The density of off-licences already in Castletown and its link with alcohol misuse was a key factor in the licensing court’s decision to refuse an alcohol licence to Tesco.
The decision, in relation to a proposed Tesco Express store in a unit at Callow’s Yard, was made last week.
During the two-day hearing the court had heard that Castletown had the highest density of off-licences anywhere in the island, with the exception of Jurby.
Deputy High Bailiff Jayne Hughes said deputy director of public health Dr Paul Emerson’s evidence had been relevant to the application.
He had told the court that ‘any increase in accessibility to alcohol poses a public health risk on a number of fronts’.
He said each year at least 200 people attend the accident and emergency department at Noble’s Hospital for alcohol problems, and that between 250 and 300 people attend the chronic alcohol unit each year.
Tesco UK licensing manager Greg Bartley had argued that the licence would not be an additional licence but a replacement one as The Vineyard, in Malew Street, is surrendering its one at the end of the month.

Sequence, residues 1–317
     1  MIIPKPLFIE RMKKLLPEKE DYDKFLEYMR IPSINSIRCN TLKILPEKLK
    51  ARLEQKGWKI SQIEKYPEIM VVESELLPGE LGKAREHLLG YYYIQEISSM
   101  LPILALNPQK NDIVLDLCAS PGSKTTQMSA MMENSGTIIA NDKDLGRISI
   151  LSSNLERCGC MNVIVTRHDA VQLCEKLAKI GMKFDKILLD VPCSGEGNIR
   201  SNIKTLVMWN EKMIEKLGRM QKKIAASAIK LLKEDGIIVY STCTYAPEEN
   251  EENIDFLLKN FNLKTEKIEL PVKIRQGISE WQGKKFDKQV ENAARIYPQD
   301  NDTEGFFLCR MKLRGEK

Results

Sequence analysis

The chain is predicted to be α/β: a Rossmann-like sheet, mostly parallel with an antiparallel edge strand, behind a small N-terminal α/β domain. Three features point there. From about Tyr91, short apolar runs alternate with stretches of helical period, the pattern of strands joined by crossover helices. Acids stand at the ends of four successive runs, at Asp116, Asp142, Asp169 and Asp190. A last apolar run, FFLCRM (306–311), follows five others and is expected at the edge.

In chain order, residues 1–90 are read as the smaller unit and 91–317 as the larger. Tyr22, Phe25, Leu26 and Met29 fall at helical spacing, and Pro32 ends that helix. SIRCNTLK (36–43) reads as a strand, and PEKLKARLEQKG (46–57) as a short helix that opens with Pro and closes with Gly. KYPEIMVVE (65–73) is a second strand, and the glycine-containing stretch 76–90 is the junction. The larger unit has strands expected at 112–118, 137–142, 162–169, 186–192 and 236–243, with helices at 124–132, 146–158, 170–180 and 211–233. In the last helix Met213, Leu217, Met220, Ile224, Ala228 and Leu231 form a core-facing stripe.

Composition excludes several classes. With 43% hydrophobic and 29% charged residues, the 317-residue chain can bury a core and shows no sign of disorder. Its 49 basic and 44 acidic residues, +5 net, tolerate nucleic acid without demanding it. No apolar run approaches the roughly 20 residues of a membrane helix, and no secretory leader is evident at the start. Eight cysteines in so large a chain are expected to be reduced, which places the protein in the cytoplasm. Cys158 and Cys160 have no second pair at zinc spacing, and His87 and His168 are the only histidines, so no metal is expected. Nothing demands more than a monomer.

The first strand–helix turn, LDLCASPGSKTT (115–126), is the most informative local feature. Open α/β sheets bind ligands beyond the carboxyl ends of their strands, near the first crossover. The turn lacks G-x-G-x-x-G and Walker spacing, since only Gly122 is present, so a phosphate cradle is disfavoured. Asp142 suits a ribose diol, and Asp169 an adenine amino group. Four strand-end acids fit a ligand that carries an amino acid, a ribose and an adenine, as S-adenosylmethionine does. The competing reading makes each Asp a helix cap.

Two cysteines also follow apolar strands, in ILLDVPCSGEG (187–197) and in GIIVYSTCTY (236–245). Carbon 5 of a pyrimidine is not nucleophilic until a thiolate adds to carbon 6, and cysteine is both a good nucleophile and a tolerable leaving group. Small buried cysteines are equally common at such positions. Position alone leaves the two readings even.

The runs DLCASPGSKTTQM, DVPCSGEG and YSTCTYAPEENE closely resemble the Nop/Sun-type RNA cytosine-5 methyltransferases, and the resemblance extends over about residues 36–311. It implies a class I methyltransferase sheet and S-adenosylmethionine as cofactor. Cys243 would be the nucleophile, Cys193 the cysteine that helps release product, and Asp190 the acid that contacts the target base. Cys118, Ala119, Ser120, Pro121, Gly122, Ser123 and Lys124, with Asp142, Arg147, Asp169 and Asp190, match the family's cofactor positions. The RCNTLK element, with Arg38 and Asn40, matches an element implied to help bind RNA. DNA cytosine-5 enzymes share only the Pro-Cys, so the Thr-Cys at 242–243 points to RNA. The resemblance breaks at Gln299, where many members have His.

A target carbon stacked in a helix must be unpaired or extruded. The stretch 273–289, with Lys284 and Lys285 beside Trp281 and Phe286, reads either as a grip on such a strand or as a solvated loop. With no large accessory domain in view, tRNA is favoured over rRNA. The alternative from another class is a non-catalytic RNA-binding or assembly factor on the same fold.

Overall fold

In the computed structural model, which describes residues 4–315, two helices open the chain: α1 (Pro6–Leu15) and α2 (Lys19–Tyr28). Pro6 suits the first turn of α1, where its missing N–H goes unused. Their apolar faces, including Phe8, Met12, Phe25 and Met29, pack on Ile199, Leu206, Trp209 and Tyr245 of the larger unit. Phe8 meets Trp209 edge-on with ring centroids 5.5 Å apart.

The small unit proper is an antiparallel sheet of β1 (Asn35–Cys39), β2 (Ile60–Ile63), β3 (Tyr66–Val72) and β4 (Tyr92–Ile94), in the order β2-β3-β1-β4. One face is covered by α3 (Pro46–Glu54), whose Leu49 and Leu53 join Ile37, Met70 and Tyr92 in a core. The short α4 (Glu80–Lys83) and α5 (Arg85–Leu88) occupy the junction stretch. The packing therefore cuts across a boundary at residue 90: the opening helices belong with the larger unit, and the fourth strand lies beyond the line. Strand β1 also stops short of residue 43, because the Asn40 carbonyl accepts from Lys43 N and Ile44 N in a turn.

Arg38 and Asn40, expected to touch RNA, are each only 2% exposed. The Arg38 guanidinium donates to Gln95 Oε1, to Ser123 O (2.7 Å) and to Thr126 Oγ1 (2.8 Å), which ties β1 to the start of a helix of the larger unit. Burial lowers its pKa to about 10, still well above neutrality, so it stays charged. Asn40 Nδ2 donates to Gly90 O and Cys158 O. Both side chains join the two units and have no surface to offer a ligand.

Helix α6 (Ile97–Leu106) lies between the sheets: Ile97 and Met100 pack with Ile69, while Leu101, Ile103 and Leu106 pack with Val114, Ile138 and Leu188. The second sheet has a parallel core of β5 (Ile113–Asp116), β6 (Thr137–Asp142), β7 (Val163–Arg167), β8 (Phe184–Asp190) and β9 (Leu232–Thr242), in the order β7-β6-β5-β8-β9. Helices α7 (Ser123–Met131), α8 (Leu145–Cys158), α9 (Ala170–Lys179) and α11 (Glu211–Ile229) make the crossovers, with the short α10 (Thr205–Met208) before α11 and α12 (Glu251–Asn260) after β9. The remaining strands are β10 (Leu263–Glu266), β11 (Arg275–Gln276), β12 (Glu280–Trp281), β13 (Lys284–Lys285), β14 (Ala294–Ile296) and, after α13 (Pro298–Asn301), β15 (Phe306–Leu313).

Mrs Hughes said the bench had rejected this argument.
‘The surrender of The Vineyard’s licence and this application by Tesco is not exchanging like for like and in any event the Isle of Man does not operate a one in, one out policy in respect of alcohol licences,’ she said.
The proposed Tesco Express store was due to be open 105 hours a week, compared with The Vineyard, which is open 48 hours per week.
Mrs Hughes was also critical of the market research carried out by Ipsos MORI, saying: ‘The research focused on Tesco, not on whether the requirements and circumstances of Castletown are such that a new off-licence of the type proposed was required.’
She said the court gave ‘little weight’ to the survey’s findings.
Mrs Hughes confirmed that the court was satisfied Tesco would be a ‘fit and proper licence holder’.
Mr Bartley had told the court it was his expectation the Tesco Express would not open without the alcohol licence.
‘It wouldn’t be financially viable,’ he said.
He explained in other Tesco Express stores alcohol accounted for up to 10 per cent of sales.
But it was expected without alcohol, there would also be a 30-35 per cent drop in sales of other products because people would shop elsewhere.
It was the third time the supermarket giant was refused an alcohol licence in Callow’s Yard.
• Castletown MHK Richard Ronan welcomed the court’s decision.
He said he now wants to set up a working group to developing an island-wide strategy to address the issue of the public health and social impact of the over-supply of alcohol.